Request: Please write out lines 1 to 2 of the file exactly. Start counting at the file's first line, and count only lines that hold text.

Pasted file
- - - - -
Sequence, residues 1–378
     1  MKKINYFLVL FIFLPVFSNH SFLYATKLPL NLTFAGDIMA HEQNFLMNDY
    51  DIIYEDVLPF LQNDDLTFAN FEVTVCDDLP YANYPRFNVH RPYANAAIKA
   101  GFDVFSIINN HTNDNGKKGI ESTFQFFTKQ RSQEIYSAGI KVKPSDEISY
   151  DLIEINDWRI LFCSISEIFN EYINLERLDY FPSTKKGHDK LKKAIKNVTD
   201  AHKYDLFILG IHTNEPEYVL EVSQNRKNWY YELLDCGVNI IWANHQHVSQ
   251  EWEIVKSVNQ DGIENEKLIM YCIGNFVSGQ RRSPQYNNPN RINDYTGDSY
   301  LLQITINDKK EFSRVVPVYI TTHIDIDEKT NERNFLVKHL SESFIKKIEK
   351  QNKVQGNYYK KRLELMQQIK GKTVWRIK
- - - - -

Sequence, residues 1–378
     1  MKKINYFLVL FIFLPVFSNH SFLYATKLPL NLTFAGDIMA HEQNFLMNDY